State of the unions: how labor can strengthen the middle class, improve our economy, and regain political influence
From steel workers, Teamsters, and coal miners to teachers, actors, and civil servants, union members once accounted for more than one third of the American workforce. At a mere 12 percent, union membership today is a shadow of what it once was. What happened to organized labor in America and what can be done to restore it to its role of the defender of middle-class values and economic well-being?
Award-winning investigative reporter Philip M. Dine takes us on a riveting journey through America's cities and back roads, its factories and union halls, to answer those questions. From the health care crisis to massive job flight overseas, from rampant home foreclosures to illegal immigration, he clearly shows how virtually every major economic, political, and social trend impacting our way of life is tied to the state of America's unions.
Combining a compelling narrative with expert analysis, Dine offers firsthand accounts of the union members striving to make their voices heard in a political landscape increasingly shaped by corporate interests, including how:
- The women of Delta Pride-a major player in the multi-billion dollar catfish industry-went up against generations of racial and economic prejudice
- Iowa's firefighters union flexed its collective muscle to score a major political victory in the 2004 caucus
- The American Federation of Teachers and the AFL-CIO played a key role in bringing down the Iron Curtain
- The Teamsters enlisted community support to temporarily stop a move by Mr. Coffee to relocate to Mexico and saved nearly 400 manufacturing jobs in the Cleveland area
A reporter who has covered labor for two decades, Dine not only details where labor has gone wrong, but he also offers sage advice on how it can adapt to a global economy to recover the ground it lost over the last quarter century.
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|full_title||state of the unions how labor can strengthen the middle class improve our economy and regain politic|
|author||dine philip m|
|author||Dine, Philip M.|
|author2-role||, (OCoLC)183400649, .b1302437107-06-1601-25-11, 0071594620 (electronic bk.), 331.880973, 5211898, 92QYMA7, 9780071594622 (electronic bk.), Dine, Philip M., Electronic books., English qEnglish., HD6508.D56 2008eb, Includes bibliographical references and index., LDR63.1 20081230135935 EBKSLDR63.1 20081230135935 EBKS, Labor movement, Labor unions, MAIN, Made available through NetLibrary; access may be limited to NetLibrary affiliated libraries., Middle class, Mode of access: World Wide Web., N$TN$TYDXCP, NetLibrary, Inc., New York :McGraw-Hill,c2008., OCLC Holdings Updated 20130919, State of the unionshow labor can strengthen the middle class, improve our economy, and regain political influence /Philip M. Dine., Title from PDF title page (viewed on Dec. 12, 2007)., Working class, YBP Library ServicesYANK2744839, n-us---, q01-25-11mz-, qBibliographies., qBook., qComputerFiles., qSoftware., qeBook.|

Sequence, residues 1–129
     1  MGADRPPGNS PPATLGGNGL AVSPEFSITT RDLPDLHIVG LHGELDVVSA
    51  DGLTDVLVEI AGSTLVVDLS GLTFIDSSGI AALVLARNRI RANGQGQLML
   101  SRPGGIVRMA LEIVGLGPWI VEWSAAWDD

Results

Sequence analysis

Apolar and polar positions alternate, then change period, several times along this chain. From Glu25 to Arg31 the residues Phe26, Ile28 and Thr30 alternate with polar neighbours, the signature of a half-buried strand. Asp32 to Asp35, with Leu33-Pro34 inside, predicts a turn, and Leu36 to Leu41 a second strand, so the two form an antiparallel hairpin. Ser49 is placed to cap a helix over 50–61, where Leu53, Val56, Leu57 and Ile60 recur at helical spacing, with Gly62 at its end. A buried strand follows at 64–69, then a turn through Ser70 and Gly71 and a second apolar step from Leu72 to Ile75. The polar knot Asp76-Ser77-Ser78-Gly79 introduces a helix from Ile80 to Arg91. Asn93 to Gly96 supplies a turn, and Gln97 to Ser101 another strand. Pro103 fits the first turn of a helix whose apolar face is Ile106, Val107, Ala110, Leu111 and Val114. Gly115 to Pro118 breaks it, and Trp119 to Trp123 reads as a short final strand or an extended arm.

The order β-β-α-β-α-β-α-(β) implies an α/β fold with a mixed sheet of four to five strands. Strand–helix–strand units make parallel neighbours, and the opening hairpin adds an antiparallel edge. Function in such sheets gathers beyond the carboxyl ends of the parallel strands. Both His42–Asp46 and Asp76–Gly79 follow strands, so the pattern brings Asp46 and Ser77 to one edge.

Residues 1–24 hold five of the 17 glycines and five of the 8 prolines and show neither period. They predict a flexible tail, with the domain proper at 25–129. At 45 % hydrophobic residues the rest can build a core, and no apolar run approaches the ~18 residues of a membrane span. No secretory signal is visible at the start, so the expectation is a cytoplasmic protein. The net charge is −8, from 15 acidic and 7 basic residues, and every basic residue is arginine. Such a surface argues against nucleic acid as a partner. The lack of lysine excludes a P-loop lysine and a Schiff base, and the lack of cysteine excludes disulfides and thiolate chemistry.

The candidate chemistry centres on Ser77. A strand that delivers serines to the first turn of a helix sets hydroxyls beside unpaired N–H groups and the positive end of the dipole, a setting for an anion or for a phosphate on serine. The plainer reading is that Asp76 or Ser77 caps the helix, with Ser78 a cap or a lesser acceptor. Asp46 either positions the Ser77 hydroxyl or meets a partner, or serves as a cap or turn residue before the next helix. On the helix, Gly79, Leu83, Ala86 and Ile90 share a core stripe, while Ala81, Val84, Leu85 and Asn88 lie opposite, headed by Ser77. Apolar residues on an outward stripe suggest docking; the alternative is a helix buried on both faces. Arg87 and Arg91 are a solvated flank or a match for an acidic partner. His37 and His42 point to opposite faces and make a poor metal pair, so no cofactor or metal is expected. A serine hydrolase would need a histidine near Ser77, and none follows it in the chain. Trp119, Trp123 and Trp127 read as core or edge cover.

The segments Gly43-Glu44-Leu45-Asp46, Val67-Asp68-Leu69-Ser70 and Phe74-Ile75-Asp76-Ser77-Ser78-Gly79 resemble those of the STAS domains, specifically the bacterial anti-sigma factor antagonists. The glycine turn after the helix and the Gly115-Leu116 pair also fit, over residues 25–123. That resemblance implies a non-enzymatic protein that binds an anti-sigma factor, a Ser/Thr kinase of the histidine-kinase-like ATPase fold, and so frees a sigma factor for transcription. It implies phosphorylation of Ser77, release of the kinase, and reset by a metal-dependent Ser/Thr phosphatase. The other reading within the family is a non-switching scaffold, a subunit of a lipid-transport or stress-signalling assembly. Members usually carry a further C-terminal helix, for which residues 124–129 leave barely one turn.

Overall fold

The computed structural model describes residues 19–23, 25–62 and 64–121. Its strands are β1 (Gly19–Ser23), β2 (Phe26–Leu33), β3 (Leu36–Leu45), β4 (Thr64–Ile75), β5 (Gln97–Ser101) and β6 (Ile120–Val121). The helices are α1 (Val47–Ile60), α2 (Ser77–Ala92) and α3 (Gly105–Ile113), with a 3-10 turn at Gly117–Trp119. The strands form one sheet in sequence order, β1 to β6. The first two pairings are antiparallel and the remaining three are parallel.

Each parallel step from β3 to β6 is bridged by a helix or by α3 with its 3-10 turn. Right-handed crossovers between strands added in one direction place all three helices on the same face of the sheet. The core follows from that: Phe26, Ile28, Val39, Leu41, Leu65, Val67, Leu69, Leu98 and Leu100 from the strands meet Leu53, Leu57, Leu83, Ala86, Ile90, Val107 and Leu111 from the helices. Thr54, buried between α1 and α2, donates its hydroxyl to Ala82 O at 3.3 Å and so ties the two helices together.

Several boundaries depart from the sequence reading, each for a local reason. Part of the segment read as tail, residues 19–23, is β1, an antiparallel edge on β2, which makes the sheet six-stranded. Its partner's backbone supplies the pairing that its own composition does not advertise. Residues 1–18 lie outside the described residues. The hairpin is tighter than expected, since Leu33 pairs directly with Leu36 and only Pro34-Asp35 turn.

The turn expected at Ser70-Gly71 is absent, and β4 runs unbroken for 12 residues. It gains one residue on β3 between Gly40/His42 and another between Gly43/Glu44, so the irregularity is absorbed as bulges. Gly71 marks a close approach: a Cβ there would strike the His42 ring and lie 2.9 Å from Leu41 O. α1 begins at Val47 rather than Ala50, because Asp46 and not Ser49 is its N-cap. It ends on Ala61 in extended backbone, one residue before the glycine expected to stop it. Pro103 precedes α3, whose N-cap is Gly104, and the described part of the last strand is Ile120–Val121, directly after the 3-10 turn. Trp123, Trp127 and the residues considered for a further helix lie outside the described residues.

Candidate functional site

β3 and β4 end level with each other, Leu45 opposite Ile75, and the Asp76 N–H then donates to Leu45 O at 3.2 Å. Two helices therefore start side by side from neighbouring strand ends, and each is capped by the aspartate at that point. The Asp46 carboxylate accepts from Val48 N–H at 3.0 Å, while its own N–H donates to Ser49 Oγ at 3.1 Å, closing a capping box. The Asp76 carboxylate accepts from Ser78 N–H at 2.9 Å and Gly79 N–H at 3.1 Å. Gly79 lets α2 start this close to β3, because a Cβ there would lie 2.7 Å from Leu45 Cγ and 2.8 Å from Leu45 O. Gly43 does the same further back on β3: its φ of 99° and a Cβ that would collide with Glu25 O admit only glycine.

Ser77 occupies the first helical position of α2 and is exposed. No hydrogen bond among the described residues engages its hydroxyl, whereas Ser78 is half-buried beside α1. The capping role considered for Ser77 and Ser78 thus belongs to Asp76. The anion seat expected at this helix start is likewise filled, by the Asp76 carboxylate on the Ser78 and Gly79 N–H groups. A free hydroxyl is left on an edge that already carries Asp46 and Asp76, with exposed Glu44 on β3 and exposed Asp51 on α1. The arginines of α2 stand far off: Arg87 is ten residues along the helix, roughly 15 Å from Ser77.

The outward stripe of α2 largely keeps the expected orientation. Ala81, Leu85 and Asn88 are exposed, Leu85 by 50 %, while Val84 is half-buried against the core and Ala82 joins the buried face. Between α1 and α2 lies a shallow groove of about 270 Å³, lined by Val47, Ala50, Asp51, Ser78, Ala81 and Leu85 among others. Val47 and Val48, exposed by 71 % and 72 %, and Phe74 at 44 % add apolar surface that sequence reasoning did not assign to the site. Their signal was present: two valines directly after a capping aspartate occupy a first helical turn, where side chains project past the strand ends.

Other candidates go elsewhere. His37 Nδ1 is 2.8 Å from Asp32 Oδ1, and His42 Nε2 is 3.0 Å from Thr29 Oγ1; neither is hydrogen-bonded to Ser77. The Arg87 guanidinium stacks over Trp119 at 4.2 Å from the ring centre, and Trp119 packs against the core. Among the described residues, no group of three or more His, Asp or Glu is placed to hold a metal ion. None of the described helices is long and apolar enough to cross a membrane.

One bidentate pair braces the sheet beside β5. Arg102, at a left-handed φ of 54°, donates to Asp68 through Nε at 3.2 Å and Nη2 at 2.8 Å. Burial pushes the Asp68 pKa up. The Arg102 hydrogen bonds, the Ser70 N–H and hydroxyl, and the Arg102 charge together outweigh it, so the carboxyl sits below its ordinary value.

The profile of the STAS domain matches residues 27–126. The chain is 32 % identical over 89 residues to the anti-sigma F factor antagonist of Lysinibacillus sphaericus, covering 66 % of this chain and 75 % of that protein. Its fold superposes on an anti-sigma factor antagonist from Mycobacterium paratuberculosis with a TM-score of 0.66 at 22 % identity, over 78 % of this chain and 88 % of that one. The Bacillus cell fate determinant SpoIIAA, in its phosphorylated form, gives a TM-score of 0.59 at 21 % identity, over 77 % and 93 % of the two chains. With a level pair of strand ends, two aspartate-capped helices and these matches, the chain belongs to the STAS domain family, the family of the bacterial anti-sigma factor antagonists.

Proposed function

|author_display||Dine, Philip M|
|owning_library_arlington||Arlington Public Library Online, Aurora Hills Online, Central Online, Cherrydale Online, Columbia Pike Online, Connection Crystal City Online, Detention Center Online, Glencarlyn Online, Local History Online, Plaza Online, Shirlington Online, Westover Online|
|scoping_details_arlington||external_econtent:ils:.b13024371||Available Online|Available Online|false|true|false|false|false|true|||||
|subject_facet||Labor movement -- United States, Labor unions -- United States, Middle class -- United States -- Political activity, Working class -- United States -- Political activity|
|title_display||State of the unions how labor can strengthen the middle class, improve our economy, and regain political influence|
|title_full||State of the unions [electronic resource] : how labor can strengthen the middle class, improve our economy, and regain political influence / Philip M. Dine|
|title_short||State of the unions|
|title_sub||how labor can strengthen the middle class, improve our economy, and regain political influence|